Brando burst into the popular culture of the 1950s with when he re-created his Stanley Kowalski stage role for the big screen in the equally sensational film version of A Streetcar Named Desire, directed by Elia Kazan, and opposite Vivien Leigh in the role of Blanche. Appearing in a t-shirt for most of the film, he was responsible for an upsurge in their sales as outerwear and could perhaps be blamed, to a degree, for the incredible proliferation of t-shirts we know today. Nominated for an Oscar® along with the entire cast, Brando was the only one not to take home the statuette in a year in which Streetcar was awarded Best Picture and Elia Kazan won the award for Best Director. The film was heavily censored for content with elements involving sex, rape and homosexuality removed or diluted. Brando's performance was literally like no other that had ever been captured on film and few have matched its raw power since. With this second screen portrayal, Brando was already being hailed as the greatest of American actors and soon there would be a proliferation of young actors employing, with varying degrees of success, his naturalistic mannerisms and brooding style, including Paul Newman, Montgomery Clift and James Dean.
An "Original Director's Version" of Streetcar was the first Brando film of this era to be released on DVD by Warner Bros. in August 1997. This featured dialogue and scene restorations in four of the chapters that totals about 3 minutes. Production notes outline the reasons for the cuts, which mainly entails attempting to avoid condemnation by the Legion of Decency in that era of strict control over the production code. Streetcar stands as one of those films that contributed greatly to the breaking down of those creative barriers in America.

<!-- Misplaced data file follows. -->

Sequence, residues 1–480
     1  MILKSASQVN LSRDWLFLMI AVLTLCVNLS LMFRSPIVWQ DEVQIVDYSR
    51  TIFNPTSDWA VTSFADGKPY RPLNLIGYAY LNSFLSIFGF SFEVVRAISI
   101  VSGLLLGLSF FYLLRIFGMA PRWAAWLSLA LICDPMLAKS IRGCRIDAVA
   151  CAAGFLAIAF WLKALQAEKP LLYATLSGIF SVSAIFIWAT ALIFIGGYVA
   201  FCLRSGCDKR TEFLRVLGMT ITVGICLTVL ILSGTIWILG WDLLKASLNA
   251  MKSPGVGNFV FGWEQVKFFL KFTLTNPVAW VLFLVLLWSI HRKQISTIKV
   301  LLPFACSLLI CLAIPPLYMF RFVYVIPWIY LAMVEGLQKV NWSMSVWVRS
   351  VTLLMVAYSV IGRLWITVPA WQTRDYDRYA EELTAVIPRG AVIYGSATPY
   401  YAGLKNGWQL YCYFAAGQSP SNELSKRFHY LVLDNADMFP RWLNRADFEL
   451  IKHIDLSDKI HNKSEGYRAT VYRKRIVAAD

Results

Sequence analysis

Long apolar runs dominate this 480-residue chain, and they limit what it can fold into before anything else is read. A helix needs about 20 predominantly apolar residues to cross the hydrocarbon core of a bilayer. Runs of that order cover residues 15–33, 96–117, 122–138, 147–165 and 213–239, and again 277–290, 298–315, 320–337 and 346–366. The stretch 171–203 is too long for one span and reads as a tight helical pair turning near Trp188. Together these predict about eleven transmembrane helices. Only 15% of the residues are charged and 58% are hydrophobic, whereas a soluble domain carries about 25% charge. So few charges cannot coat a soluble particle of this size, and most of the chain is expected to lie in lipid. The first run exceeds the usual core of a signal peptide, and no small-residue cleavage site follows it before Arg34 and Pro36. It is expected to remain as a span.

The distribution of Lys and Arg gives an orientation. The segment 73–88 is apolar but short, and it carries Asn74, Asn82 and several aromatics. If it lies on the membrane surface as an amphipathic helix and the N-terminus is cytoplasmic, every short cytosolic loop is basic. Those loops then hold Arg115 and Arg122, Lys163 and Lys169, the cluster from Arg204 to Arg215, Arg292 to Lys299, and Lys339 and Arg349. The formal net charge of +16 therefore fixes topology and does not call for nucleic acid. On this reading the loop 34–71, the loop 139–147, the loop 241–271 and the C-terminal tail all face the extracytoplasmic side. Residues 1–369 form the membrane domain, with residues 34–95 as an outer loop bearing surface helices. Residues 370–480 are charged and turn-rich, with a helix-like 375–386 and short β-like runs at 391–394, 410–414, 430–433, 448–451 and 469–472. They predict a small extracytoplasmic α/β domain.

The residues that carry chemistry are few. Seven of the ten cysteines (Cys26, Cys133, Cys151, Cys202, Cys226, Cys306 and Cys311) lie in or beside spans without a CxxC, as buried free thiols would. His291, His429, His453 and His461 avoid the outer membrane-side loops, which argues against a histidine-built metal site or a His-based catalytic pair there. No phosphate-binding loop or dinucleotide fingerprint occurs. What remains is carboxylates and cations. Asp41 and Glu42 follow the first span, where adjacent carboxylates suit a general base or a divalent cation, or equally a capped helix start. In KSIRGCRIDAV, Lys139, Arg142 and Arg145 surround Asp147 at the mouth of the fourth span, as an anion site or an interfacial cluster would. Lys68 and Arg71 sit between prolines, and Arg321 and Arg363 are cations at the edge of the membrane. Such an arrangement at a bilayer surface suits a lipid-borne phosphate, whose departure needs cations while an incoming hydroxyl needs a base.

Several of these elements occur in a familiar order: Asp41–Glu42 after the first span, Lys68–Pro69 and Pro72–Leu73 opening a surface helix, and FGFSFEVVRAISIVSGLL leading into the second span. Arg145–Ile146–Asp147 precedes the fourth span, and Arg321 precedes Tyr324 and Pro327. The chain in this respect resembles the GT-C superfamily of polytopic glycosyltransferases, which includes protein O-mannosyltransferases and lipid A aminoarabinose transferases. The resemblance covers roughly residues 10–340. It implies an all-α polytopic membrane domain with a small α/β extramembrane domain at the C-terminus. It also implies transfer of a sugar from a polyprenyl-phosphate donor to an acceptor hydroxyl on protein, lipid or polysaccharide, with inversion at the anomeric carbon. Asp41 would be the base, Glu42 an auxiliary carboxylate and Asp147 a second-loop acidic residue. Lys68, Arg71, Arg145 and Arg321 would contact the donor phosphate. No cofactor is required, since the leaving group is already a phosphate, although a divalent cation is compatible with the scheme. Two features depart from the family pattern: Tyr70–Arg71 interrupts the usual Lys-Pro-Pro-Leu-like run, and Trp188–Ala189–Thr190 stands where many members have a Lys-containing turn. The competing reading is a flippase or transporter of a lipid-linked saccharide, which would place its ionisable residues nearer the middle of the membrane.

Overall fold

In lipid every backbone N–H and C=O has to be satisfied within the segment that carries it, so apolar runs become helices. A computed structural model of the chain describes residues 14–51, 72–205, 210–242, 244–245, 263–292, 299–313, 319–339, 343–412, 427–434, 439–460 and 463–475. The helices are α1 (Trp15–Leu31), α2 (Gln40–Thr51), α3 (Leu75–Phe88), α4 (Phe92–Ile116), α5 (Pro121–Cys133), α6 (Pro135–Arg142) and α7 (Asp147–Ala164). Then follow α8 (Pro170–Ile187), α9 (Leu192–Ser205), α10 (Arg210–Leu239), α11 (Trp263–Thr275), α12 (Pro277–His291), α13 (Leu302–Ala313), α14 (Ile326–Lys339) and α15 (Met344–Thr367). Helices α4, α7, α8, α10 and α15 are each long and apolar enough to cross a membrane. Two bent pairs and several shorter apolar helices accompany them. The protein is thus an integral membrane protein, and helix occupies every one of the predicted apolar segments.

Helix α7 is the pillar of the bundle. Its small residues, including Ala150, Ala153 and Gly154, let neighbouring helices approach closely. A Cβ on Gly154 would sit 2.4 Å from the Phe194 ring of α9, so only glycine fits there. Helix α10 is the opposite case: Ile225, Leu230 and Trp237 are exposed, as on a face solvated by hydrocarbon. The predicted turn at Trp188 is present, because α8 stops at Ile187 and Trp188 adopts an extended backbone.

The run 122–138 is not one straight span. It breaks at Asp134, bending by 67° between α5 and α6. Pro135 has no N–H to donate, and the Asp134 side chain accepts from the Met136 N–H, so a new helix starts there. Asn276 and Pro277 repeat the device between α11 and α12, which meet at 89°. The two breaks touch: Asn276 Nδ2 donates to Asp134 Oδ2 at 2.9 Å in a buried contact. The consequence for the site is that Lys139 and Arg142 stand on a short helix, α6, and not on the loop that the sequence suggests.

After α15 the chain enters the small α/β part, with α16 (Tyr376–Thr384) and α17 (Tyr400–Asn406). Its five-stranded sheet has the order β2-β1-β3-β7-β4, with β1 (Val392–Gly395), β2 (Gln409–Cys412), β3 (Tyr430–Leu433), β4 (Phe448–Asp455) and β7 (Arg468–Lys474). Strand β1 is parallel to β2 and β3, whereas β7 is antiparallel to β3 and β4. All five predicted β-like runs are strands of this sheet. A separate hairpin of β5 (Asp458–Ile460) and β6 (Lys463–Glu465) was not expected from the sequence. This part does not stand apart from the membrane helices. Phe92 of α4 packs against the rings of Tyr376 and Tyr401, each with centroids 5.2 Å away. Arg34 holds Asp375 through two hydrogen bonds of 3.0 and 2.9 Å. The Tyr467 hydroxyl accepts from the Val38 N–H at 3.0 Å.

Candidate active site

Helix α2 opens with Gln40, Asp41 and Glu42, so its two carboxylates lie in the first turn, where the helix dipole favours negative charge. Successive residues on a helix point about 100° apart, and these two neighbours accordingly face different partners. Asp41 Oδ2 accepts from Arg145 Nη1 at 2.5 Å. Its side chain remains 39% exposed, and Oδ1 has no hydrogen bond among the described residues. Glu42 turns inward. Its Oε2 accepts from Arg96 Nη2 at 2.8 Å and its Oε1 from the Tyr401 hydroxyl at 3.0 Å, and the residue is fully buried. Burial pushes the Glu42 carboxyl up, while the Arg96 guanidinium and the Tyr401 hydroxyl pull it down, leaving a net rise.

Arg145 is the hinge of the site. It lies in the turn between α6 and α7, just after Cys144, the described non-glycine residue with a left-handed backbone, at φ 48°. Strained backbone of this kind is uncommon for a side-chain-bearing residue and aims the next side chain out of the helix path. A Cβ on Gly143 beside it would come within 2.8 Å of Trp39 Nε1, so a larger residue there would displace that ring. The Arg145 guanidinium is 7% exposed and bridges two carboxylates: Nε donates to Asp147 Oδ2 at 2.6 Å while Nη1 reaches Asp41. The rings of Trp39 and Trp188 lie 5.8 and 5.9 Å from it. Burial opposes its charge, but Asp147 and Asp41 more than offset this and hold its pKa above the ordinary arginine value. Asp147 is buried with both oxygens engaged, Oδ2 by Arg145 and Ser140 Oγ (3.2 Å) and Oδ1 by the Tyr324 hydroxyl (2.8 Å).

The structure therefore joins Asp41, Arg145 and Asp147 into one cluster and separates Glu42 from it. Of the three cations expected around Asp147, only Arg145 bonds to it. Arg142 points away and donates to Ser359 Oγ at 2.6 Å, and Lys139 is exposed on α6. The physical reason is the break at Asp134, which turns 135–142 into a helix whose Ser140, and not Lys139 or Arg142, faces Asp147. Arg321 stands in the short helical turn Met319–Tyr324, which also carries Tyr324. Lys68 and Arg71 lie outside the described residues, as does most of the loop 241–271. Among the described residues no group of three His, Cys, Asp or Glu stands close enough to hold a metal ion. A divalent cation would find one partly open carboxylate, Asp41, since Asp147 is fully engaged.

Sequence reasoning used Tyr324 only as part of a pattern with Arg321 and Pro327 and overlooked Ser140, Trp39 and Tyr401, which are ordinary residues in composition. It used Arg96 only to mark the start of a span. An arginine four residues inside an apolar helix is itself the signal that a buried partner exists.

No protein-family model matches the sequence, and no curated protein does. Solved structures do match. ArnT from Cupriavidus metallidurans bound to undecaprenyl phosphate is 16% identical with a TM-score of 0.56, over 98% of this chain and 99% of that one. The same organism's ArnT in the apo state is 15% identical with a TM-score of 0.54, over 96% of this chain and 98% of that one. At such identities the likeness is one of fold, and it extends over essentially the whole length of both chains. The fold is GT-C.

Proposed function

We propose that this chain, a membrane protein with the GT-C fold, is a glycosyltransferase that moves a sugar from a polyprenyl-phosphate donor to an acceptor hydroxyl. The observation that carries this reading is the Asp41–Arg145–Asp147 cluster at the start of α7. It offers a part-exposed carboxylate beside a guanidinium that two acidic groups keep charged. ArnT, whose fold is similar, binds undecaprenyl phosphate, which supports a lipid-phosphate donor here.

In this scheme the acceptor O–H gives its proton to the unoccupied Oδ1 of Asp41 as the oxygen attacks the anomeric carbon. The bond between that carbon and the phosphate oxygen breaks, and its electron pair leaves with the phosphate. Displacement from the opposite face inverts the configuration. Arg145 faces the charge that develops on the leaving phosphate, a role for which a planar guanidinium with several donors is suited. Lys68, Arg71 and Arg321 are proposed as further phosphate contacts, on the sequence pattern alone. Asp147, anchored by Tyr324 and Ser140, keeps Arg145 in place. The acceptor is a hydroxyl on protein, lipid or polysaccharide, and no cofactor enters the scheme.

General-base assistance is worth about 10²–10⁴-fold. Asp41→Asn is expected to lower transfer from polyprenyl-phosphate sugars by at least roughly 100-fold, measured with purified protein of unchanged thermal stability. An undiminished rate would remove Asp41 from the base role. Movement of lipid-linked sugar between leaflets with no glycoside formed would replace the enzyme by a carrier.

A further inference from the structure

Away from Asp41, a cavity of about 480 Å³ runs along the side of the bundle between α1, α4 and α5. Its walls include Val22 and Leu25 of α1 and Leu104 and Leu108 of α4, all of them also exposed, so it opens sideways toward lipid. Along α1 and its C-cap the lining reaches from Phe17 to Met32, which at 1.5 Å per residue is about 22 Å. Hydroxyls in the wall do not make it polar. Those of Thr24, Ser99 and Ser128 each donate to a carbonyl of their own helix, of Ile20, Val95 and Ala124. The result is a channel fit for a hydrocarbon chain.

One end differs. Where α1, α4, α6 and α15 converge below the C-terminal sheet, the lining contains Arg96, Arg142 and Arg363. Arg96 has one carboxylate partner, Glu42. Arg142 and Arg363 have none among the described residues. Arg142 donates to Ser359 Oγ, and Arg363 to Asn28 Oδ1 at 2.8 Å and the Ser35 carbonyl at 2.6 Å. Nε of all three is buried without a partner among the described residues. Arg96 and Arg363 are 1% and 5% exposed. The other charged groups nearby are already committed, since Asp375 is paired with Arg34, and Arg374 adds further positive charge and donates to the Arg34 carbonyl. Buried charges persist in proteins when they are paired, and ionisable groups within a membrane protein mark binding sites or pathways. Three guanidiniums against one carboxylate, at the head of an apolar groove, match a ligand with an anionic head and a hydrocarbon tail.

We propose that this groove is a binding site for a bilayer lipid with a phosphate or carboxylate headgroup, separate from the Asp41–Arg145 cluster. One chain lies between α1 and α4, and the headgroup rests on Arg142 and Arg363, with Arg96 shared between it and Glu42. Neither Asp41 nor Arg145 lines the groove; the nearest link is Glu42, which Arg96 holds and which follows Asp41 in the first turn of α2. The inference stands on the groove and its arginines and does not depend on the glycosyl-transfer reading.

Shakespeare's Julius Caesar was up next as Brando tackled the difficult role of Marc Antony, opposite such venerated English actors as John Gielgud and James Mason. This performance garnered Brando—often accused of mumbling through his roles—surprise acclaim and his second Oscar® nomination in the Best Actor category. Although his acting is constrained by the stylized performance necessary for Shakespeare, Brando showed a power in the "dogs of war" and Forum speeches that won the respect of his more traditionally-trained colleagues.
In this era prior to the Red Scare of the 1950s and the blacklisting of the so-called "Hollywood 10," Brando received his third Best Actor nod, appearing opposite Anthony Quinn and Jean Peters in the title role of Elia Kazan's Viva Zapata!. The film told the story of Mexican revolutionary Emiliano Zapata's struggles to liberate the downtrodden peons who quickly finds himself sucked into the very corruption that he was fighting against. Brando's performance was full-bodied and powerful. Films with a social message like this would soon be taboo in Hollywood, but Brando has continued through his life to use his status to support causes that battle social injustice.